Moose in Colorado

This moose stared back when I was taking its photo in Colorado.

This moose stared back when I was taking its photo in Colorado.

Swedish photographer Björn Törngren posted some photographs of moose in Sweden on his blog, which reminded me that I hadn’t posted my moose photographs from a trip to Colorado in 2012.

When my husband and I visited the Brainard Lake Recreation Area last year, we were surprised to see moose in Colorado.

Moose are relatively new to Colorado.  According to the National Park Service, historical records dating back to the 1850s show that moose were probably only transient visitors to the area that is now Rocky Mountain National Park.  In 1978 and 1979, the Colorado Division of Wildlife transferred two groups of moose (a dozen each year) from the Uintah Mountains and Grand Teton herds to an area just west of the Never Summer Range near Rand, Colorado.  The moose have prospered in Colorado.  There are now more than 2,300.

All of the moose we saw had antlers, so they were all males.

Wildlife enthusiasts set up to photograph a herd of moose at the Brainard Lake Recreation Area in Colorado.

Wildlife enthusiasts set up to photograph a herd of moose at the Brainard Lake Recreation Area in Colorado.

A boy keeps a fairly safe distance from moose grazing near Brainard Lake in Colorado.  Moose are dangerous and unpredictable and often charge.

A boy keeps a fairly safe distance from moose grazing near Brainard Lake in Colorado. Moose are dangerous and unpredictable and often charge.

This is one of my better shots.  The moose were far away and were eating most of the time in tall vegetation.

This is one of my better shots. The moose were far away and were eating most of the time in tall vegetation.

A herd of moose line up to graze in a marshy area at Brainard Lake Recreation Area in Colorado.

A herd of moose line up to graze in a marshy area at Brainard Lake Recreation Area in Colorado.

Herd of moose graze near Brainard Lake in Colorado.

Herd of moose graze near Brainard Lake in Colorado.

National Park Service Information on Moose in Colorado.

Story about moose in Colorado.

Wikipedia: About the Moose.

Drunken moose ends up stuck in Swedish apple tree.

Click on the thumbnails to view a full-size slide show.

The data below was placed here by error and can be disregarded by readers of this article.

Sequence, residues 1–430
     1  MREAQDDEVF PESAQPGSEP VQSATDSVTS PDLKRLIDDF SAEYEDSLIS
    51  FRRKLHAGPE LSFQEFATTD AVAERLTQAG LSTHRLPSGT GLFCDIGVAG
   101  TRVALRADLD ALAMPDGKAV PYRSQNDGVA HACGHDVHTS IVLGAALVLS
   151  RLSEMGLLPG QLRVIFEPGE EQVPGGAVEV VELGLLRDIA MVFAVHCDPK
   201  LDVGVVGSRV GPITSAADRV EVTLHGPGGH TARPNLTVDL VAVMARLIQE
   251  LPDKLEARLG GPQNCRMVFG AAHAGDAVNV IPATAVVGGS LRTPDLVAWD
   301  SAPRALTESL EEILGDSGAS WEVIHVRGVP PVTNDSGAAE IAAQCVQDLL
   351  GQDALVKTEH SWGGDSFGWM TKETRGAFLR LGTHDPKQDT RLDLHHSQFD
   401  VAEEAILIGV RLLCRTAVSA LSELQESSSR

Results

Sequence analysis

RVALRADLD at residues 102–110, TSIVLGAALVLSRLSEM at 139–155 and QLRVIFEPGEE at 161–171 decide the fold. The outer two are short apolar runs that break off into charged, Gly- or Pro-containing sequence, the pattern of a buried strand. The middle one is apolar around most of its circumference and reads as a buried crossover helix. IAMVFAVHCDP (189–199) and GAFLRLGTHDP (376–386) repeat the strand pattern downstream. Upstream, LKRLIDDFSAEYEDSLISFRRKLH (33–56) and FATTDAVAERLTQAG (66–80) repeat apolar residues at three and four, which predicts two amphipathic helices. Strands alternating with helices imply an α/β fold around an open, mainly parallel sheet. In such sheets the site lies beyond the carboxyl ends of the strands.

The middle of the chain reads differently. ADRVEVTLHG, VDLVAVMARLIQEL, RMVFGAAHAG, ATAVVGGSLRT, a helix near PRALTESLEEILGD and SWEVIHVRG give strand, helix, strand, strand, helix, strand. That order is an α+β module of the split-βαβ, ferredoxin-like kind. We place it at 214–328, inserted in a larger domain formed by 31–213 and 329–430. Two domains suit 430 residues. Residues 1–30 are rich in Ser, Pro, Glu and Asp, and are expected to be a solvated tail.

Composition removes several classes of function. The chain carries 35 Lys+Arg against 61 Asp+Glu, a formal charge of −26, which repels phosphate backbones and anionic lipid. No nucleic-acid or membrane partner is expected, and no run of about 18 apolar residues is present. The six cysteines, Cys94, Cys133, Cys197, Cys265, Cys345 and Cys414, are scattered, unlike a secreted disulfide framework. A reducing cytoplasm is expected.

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11 Comments

Filed under Animals, Natural History, Nature, Photography

11 responses to “Moose in Colorado

  1. Thank you Catherine!
    When I look at your photos it feels like I am living in the wrong country or at least the wrong place!
    Beautiful captures…

  2. Lovely photographs Catherine. I am glad you didn’t take one home or you would have had a moose loose in the hoose ;) Ralph xox :D

  3. It’s wonderful that moose have new digs in Colorado. I hope they are protected. Except for a bleary Greyhound Bus trip, I’ve never been to Colorado.

    Those are beautiful photos and thanks for finally getting around to sharing them with us.

  4. Your photos are impressive. I’ve the impression that CO is very similar to what we have here, by the Rockies. I haven’t seen a moose in our city, but there are lots in our neighboring Banff National Park.

    • I looked for moose recently in New Hampshire and Vermont, but didn’t see any despite the many highway signs announcing “Moose Crossing.” They are probably smart enough to avoid the highways.

  5. I grew up in Colorado and we never saw moose. We had to go to Montana to see them.

  6. Great series Catherine. I’ve traveled all over looking for moose, and can say that I’m no moose magnet. I’ve been to New England and Canada numerous times, and despite all the signs of warning, I’ve never spotted a moose. Once in the Tetons, I saw a female, and baby for about 4 milliseconds. It’s pretty funny. ~James

  7. I adore the ‘Moose’, Catherine. I haven’t any particular reason to love them, however I do… ;) Perhaps it has something to do with watching Rocky and Bullwinkle as a youngster; there was something so terribly sweet about them…

    Recently I was watching a TV documentary about Canada (a place I’d love to see). It was mentioned that the Moose is the greatest ‘killer’ on the roads (in a particular part of the country that, at present, I can’t quite remember). However, that aside, I still have a sweet love for this ungainly animal…!

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